Chancellor Gray-Little advanced KU's mission to educate leaders by implementing new admissions standards, launching a new undergraduate curriculum, and growing the freshman class for five straight years. She strengthened KU's efforts to build healthy communities by overseeing the University of Kansas Cancer Center’s application for National Cancer Institute designation and expansions of the schools of Pharmacy and Medicine. And she empowered KU to make discoveries by recruiting 12 Foundation Distinguished Professors, leading the university to record-high research funding, and pursuing resources to help KU researchers excel.
Additionally, Chancellor Gray-Little led a record-setting $1.66 billion fundraising campaign and an unprecedented modernization of KU’s campuses. Under her leadership, KU completed 50 capital improvement projects totaling $700 million and secured funding for the Central District — a once-in-a-generation development project that will change the face of education and research at KU.
For more about Chancellor Gray-Little, visit our tribute page.
A former English professor turned university administrator, Hemenway streamlined KU administration, made the university more student-centered, created a faculty support center to promote teaching excellence and oversaw KU's growing national reputation. Research funding grew to record levels while KU was being positioned as a major player in the Kansas City life sciences and information technology industry. Chancellor Hemenway passed away in July 2015. View our Remembering Chancellor Hemenway page.
1994-1995 (Also 1980-81)
Shankel has devoted his career to teaching undergraduate and graduate courses in biology and microbiology, but he was repeatedly called to serve interim roles, twice as chancellor as well as president of the alumni association, athletics director, dean, department chair, vice chancellor and executive vice chancellor. After his second term as interim chancellor, Shankel was granted chancellor emeritus status.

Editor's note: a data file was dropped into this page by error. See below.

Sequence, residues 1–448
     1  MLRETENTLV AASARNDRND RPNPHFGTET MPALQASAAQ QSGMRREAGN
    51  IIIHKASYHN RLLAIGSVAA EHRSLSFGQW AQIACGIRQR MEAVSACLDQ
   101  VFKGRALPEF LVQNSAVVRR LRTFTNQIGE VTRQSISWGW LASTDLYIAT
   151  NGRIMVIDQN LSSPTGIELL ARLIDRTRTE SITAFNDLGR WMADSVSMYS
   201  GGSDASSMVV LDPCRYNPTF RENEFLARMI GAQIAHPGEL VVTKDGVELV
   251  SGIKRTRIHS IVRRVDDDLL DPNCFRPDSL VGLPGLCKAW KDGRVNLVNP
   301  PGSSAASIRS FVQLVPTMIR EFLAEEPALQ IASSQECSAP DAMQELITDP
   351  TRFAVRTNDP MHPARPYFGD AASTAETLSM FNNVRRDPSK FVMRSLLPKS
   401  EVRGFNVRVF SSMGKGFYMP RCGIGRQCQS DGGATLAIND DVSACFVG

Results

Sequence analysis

Gene A. Budig
An experienced university administrator as well as a major general in the Air National Guard, Budig helped lead KU through Campaign Kansas, a five-year fund drive that brought in $265.3 million in gifts and commitments. Annual giving for KU's benefit rose from about $12 million to $34.6 million. He also led the effort to rebuild Hoch Auditorium after a devastating fire. He resigned to become president of major league baseball's American League and later taught at Princeton University.
An experienced administrator and former University of Tennessee chancellor, Dykes presided over enormous growth as the university's operating budget rose from $98 million to $250 million. Enrollment and faculty salaries spiked, and capital improvements that totaled $150 million were completed. Continuing-education course offerings were expanded dramatically. He left to run Security Benefit Life insurance.
Executive secretary to five chancellors over 40 years at KU, Nichols was appointed first as acting chancellor after Chalmers resigned, then given the full title until a new chancellor was hired. Despite his short tenure, Nichols adopted an affirmative action plan and work was begun on a new student hospital, visual arts facility and law building.
E. Laurence Chalmers
A psychologist, Chalmers was challenged to keep the peace in 1970 after an arsonist struck the student union and racial tension caused two deaths on campus. He averted a student strike by agreeing to grading options that allowed KU to complete the academic year. But the Board of Regents felt he was too permissive and tried to oust him. He resigned later to lead the Chicago Art Institute.
Chalmers Hall dedication.
W. Clarke Wescoe